It started out as an experiment – I wanted to use blackberry stitch for something for myself and just wanted to get knitting without swatching, so I cast on what I though would be enough stitches for a sleeve. But it wasn’t quite big enough to wear without cutting off my circulation πŸ˜‚!

Tight squeeze sleeve

It did fit very nicely on my daughter’s arm, and the colour really suited her, so instead of ripping it back I decided to make a child sized cardi instead. Because I started this over the Christmas holidays, my muse was about the house all day, so I tried it on her every time she got within arms reach!

Body knit from the hem up
Trying on for size

When it fit to underarm height, I joined the sleeves and body to continue upwards to a circular yoke. I used scrap yarn for the design, which I also made up as I went along.

I gradually decreased the yoke as it got towards the neck, but there was no real method – except to evenly space the decreases on the decrease rows. The no plan approach had worked this far so I kept it up!

Made to include some growing room!

The neckline was finished in rib to match the hem and all that was left was a button band. I picked up stitches along the edge and evenly spaced the buttonholes….

First attempt at the button band

But I wasn’t happy with it…it seemed too thin for the weight of the blackberry stitch and the cardi in general. So for once I actually ripped back some knitting!

2nd attempt at buttonband

I knitted two bands using double knitting, and then Kitchener stitched them to the fronts.

Finished bands attached

The new bands gave it the structure it needed, and I used two large snaps to close it at the yoke and it’s being worn open below the yoke.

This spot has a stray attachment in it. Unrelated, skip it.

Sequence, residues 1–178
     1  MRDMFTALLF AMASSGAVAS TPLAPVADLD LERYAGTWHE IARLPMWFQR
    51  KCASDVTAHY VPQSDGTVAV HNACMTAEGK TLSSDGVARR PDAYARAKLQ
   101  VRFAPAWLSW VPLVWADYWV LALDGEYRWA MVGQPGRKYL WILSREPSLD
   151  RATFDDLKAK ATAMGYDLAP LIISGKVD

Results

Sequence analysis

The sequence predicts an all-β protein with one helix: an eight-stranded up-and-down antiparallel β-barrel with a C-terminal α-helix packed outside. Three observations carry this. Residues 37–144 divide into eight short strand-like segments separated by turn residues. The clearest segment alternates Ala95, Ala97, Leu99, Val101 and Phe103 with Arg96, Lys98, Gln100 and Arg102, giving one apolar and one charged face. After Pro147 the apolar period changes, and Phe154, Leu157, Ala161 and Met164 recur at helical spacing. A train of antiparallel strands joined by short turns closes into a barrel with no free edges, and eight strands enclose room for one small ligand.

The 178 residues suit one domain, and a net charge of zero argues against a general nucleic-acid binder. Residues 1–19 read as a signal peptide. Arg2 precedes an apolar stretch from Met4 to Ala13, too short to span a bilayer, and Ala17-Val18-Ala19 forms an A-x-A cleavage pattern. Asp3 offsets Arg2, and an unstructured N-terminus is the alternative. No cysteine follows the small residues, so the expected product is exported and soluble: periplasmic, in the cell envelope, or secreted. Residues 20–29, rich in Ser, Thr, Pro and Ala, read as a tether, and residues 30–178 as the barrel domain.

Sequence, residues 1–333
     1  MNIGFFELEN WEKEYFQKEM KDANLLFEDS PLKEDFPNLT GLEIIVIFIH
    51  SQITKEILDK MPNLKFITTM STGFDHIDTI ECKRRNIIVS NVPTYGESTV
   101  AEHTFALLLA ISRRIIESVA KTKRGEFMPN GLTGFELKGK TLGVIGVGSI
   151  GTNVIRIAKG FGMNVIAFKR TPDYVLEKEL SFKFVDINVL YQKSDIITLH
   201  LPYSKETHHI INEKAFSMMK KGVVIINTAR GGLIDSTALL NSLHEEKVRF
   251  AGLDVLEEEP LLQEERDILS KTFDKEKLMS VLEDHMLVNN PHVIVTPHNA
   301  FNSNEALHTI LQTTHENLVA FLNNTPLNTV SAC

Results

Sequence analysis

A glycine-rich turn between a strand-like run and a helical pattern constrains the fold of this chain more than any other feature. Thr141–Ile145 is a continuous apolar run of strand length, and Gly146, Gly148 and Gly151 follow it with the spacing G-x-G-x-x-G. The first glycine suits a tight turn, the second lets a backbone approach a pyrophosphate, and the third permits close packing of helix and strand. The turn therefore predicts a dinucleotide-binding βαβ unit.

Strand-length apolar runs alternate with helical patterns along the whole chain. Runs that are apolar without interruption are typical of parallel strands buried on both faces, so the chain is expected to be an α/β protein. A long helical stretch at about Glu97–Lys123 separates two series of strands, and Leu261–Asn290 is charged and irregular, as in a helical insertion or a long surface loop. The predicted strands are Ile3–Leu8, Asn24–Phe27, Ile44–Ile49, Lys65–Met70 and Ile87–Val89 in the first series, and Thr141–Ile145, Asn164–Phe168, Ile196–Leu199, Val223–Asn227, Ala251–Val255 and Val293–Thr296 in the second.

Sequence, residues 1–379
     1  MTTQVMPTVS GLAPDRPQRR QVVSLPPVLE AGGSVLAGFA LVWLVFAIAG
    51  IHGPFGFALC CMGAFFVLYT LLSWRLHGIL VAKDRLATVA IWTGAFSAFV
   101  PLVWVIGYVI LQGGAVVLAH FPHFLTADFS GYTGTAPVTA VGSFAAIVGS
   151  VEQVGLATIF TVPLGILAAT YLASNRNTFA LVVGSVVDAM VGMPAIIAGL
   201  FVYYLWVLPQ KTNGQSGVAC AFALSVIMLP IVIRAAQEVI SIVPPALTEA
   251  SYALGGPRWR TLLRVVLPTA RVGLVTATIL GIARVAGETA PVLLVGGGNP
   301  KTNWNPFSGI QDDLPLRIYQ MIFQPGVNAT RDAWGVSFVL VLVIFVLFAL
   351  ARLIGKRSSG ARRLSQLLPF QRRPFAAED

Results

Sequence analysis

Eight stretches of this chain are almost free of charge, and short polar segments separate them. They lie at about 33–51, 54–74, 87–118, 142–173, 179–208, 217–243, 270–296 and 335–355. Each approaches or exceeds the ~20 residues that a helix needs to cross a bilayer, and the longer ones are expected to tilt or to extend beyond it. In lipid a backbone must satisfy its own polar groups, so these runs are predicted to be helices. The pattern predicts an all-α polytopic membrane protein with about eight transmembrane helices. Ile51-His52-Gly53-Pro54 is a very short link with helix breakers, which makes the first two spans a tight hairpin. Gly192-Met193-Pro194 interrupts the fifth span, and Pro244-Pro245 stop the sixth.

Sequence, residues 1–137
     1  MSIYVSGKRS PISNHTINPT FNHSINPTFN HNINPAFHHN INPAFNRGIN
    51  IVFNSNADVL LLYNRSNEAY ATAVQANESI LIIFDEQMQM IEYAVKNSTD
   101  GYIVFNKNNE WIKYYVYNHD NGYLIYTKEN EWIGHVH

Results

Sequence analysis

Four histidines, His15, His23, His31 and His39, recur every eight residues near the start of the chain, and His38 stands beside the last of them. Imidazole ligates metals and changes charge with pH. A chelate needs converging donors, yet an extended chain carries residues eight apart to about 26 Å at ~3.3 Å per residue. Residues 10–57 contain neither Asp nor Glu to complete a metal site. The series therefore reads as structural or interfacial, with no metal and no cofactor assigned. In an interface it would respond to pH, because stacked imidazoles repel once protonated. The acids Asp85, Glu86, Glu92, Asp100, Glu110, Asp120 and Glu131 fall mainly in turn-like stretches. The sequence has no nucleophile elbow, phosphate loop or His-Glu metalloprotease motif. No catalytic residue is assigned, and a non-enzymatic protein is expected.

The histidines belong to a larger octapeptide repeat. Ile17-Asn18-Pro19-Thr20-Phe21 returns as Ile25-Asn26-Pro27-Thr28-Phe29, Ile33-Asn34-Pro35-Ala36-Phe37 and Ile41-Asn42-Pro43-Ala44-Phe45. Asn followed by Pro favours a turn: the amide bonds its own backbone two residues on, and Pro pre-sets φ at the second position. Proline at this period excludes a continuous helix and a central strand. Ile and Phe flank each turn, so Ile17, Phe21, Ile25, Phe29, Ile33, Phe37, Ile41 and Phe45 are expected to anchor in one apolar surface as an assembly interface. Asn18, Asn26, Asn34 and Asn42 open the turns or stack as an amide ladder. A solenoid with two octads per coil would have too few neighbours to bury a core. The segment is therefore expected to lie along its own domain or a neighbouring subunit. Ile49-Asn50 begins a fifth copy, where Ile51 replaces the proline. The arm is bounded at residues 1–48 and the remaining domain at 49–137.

Snaps were added to the upper section afterwards

I really enjoyed making this, and because it’s a loose fit, it works really well as an extra layer over a school uniform on the colder days. It should also fit next year, and I might even add a centered zipper along the front instead of the snaps if it gets too snug for the bands to overlap. !

If you want to make something similar…. I loosely based my ‘plan’ for this cardi on info gleaned from Elizabeth Zimmermann’s book Knitting Without Tears. Which I bought after Kate mentioned it in her series on seamless knitting ☺

Cotton summer scarf

Yep a summer scarf…just because there’s no longer an ‘r’ in the month, it doesn’t mean I can expect to be warm! 

 

I’ve only ever made baby blankets from cotton yarn and wanted to try out something wearable.

I found the free pattern on Ravelry – its slanted and interesting but not too fiddly.  It’s called Filo Biased scarf

I’d say it would be a good second project for a new knitter – it’s mostly garter stitch (plain knitting) with a few other techniques like increasing/decreasing and yarn-overs added in. 

 

As often happens, I didn’t follow the pattern exactly  – I gradually made my stripes thicker and added in more of the mesh panels because they were nice and quick to knit!

I bought the cotton in a shop called Sorensen Green in Cork city … my brother said it was my kind of shop and he was right … lots of bits and bobs that I didn’t need, but had to buy! 

I did stop at three balls of cotton though – and told myself I had to use those up before getting more. But of course now I’m sorry I didn’t buy more! Especially since they cost less than €2 per ball.

When I got home, my daughter pointed out the yarn colours matched what I was wearing that day … so at least the scarf was guaranteed to match something in my wardrobe !

Anyone else who matches their shopping to their outfit?

I liked the feel of knitting with cotton and am trying to decide what to make next.

 I also love that I could find a pattern after an impulse buy of yarn. Using the advanced search on Ravelry – by selecting my needle size, yarn amount (metres) and free knitting patterns, I could easily pick a pattern from the filtered options. Perfect solution to my habit of buying yarn without knowing what I’m going to make πŸ™‚